Sometimes our near grown children become our teachers as they introduce us to fresh ways to do things and creative ideas to embrace. There are moments when we find ourselves talking to sensible, responsible beings who feel like new friends. These wonderful times are followed, sometimes instantly by confrontations with sullen, shouting teenagers who act as if we were the enemy from whom they must escape. Our own feelings grow confused, we feel sympathetic, then resentful, wanting to help them and yet wishing sometimes they would go off somewhere and leave us alone.
Several times a year my son and I share a living experience in a purposeful community of open-hearted friends. He is able to feel at home in the community and participates in the ongoing projects making significant connections with people and nature. After a few days of retreat however, when the silence and lack of background noise from electronic appliances sets in, there will be moments when my son will call me, loud and clear: “Mom! Mom!” from another room without checking if I am busy or even present nearby. His voice is searching the territory, trying to find my listening ears. He is an only child and I was very responsive to his needs in early childhood as unbalanced as a working mom can be. (Plus being of Romanian origin we speak louder than what is considered inside voice and cut each other off many times in conversations).
I find myself feeling ashamed if people are present or talking to me and my son loudly interrupts me for no apparent or important reason. This shame makes me feel like a lousy educator, unable to help my kid perceive and apply different behaviors to fit cultural differences. Sometimes I simply feel disrespected and taken advantage of by my own son. The majority of the time, I explain to him that I would not respond to his call if he didn’t check my availability beforehand. He would say: “Sorry, mom!” and then do it again.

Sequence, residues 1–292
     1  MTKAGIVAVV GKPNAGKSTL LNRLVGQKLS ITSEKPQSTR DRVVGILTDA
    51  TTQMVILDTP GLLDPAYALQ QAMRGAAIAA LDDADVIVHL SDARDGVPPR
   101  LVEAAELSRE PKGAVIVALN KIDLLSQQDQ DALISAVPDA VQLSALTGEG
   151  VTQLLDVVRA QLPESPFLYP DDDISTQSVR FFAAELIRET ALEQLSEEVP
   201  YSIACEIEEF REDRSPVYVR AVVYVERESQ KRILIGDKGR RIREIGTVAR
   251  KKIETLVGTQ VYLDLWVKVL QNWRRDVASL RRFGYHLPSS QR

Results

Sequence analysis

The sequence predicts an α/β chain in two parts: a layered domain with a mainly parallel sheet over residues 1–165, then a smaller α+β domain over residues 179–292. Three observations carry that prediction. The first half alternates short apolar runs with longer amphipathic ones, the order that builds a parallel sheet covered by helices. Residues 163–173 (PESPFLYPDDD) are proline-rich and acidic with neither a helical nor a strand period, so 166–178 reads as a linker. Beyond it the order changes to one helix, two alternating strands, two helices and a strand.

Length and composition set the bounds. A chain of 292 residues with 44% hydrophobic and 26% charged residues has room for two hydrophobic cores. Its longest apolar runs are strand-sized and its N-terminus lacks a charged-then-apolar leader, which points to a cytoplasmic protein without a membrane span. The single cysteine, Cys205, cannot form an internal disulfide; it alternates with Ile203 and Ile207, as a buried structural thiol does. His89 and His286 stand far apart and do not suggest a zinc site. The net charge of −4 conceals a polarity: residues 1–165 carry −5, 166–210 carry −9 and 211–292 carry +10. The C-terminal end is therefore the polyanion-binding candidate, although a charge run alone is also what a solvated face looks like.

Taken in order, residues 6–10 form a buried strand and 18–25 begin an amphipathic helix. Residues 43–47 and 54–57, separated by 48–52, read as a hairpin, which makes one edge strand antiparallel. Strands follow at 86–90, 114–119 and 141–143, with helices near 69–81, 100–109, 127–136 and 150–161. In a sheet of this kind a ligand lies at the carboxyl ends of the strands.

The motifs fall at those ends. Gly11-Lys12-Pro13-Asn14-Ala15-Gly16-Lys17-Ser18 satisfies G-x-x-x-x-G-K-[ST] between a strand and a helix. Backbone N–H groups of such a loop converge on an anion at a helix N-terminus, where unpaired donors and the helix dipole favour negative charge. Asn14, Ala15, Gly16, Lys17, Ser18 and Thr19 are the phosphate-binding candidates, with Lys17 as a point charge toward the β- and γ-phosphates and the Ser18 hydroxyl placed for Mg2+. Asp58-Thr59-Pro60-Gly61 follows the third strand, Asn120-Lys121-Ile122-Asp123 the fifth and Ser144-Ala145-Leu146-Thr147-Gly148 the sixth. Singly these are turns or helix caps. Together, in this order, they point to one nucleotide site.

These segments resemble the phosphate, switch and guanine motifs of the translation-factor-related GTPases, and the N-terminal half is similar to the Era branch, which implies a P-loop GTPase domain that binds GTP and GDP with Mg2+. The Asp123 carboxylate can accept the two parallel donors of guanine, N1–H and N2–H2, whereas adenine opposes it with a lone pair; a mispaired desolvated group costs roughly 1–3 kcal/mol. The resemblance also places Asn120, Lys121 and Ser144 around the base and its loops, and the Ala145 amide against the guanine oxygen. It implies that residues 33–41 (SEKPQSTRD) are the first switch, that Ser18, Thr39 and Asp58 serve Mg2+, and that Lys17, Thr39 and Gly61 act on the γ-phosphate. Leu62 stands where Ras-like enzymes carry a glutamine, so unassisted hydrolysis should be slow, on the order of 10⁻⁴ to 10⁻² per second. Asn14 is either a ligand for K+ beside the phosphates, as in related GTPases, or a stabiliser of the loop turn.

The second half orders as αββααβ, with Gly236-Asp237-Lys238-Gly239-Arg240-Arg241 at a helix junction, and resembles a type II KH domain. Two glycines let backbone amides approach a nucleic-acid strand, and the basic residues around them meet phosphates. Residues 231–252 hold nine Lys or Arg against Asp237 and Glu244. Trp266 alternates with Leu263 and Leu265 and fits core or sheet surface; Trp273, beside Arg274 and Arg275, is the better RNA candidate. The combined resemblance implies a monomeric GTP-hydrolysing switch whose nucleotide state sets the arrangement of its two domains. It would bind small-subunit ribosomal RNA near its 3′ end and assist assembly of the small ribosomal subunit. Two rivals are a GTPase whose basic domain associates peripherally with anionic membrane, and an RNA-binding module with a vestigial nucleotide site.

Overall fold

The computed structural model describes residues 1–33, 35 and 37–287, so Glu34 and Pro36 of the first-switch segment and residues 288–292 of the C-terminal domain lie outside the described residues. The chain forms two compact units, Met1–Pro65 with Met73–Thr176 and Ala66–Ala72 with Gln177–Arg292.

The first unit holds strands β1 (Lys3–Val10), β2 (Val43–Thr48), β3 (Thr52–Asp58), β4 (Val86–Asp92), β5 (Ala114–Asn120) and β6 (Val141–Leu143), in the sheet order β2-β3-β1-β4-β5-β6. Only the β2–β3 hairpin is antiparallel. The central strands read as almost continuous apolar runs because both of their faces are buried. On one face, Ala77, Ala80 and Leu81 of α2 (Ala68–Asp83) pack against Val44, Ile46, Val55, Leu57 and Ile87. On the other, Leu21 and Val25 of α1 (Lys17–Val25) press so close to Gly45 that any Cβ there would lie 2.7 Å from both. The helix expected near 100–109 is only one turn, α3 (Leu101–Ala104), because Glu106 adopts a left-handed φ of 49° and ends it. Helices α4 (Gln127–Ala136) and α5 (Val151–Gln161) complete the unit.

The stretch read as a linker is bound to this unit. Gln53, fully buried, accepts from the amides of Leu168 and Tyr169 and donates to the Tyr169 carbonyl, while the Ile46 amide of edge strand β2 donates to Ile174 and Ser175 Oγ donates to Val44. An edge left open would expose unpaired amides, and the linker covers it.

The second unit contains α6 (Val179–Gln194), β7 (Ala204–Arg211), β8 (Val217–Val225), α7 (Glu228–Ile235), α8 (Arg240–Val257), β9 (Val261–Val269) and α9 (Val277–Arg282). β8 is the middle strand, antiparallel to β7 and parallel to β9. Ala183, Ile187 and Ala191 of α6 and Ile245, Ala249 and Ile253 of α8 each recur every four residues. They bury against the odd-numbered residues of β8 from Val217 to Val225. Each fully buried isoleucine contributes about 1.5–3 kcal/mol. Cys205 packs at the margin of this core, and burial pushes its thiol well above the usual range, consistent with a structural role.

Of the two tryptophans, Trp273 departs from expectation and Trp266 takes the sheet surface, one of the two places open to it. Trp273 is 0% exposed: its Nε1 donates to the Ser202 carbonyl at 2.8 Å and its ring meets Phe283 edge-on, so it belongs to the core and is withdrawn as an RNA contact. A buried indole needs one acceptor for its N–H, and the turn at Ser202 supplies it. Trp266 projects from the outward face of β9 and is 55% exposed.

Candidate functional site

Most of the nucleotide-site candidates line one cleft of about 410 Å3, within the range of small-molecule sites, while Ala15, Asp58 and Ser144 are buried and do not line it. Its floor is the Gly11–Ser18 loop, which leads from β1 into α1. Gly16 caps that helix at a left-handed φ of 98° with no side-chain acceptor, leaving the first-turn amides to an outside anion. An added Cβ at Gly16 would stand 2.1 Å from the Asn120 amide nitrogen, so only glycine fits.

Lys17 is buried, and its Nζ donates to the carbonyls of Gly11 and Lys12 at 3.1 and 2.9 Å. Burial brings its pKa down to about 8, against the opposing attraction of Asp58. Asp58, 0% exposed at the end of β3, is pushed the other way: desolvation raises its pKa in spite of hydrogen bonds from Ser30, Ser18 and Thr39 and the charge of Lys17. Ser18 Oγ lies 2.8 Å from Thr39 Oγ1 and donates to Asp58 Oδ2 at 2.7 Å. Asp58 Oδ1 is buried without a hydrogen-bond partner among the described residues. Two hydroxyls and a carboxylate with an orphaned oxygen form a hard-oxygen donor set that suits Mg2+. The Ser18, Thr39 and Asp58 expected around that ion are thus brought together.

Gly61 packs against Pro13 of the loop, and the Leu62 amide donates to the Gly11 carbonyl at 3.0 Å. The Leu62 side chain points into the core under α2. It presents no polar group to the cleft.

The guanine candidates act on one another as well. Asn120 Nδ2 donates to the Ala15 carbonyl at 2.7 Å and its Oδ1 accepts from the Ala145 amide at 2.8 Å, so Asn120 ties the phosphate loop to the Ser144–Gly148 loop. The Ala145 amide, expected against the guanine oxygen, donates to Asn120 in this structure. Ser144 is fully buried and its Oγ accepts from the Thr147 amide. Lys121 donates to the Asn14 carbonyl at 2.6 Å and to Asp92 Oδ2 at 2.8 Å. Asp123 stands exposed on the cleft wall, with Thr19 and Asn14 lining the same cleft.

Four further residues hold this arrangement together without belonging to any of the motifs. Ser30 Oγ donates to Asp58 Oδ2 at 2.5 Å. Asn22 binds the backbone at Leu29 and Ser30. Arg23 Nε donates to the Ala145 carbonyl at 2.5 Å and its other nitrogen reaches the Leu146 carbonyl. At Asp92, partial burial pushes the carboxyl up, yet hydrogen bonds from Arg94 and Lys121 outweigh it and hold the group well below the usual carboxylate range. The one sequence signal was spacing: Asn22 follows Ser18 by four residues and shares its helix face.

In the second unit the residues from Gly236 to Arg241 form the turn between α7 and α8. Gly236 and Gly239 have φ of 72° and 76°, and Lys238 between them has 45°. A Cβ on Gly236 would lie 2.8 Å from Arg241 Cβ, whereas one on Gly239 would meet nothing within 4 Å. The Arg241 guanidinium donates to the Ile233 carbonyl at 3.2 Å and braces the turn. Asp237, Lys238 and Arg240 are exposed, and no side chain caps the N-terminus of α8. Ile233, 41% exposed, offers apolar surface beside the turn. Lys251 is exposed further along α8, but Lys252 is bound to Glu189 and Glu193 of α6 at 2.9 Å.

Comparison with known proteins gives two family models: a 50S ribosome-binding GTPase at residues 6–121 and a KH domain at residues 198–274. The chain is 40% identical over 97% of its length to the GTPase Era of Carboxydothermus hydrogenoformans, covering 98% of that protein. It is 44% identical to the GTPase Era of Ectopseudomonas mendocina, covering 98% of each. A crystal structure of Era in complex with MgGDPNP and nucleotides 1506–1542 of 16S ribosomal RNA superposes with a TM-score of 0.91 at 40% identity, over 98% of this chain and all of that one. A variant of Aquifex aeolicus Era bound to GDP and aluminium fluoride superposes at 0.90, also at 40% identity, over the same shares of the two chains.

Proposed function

I recently went on a trip with my parents. The experience was special because it was the first time in my life when I could practice daily meditation, physical exercise, recite mantras, participate in the Global Sadhana and eat a healthy diet without conflicting with the precious time of being together and present with my parents’ living choices. One afternoon, I heard my father calling my mom in a way that resembled my son’s inclination. I had a very strong internal reaction and still I was able to ask myself what might a person that makes a call like that need. The answer came fast, like it was there all along: my son needs respect and my full attention. I froze; realizing that what I was craving for from my kid, I decided that I would him my complete presence, gracefully, totally, and with no expectation for reciprocation. The practical aspect of this realization is always different than the joyous moment of “getting it” and requires unending willingness to be present. Leave the prefabricated answers and the endless expectations behind, Mom! It is what it is!
Living with Teenagers: 3 Ways to Give Meaningful Attention
Put yourself in his/her shoes. To understand my teenage son, I try to imagine myself as him. I allow myself to be curious. What does the world look like from my son’s point of view? How does it feel to be him? What do I notice while being him? I maintain this perspective for 2-3 minutes at a time. At night before I go to bed I reflect on: what new perspectives did I include in my awareness today? What did I learn about myself or my kid? There are no right or wrong answers in this role playing, the practice is simply an exercise to help a parent more fully understand their child’s point – of – view.
Pay attention to one action at a time. This is by far the biggest challenge for me! Trying to do everything all at once is like I want to stop a very fast train in a hundred feet. I have been “smashed” many times by my own excitement and dedication to multiple causes. So instead of trying to put everything I know into play all at once, I practice keeping my attention gently focused on one simple action at one time.
Consciously unlock the divinity within and radiate! To be able to be fully present and enjoy my life with my son, I know that I need to keep up with my practices. Whether that is meditation, yoga, hiking or another kind of personal ceremony, having time for myself allows me to feel full of ease and grace. Doing so also helps me to recognize the beauty and grace in my son and to truly understand that we are one!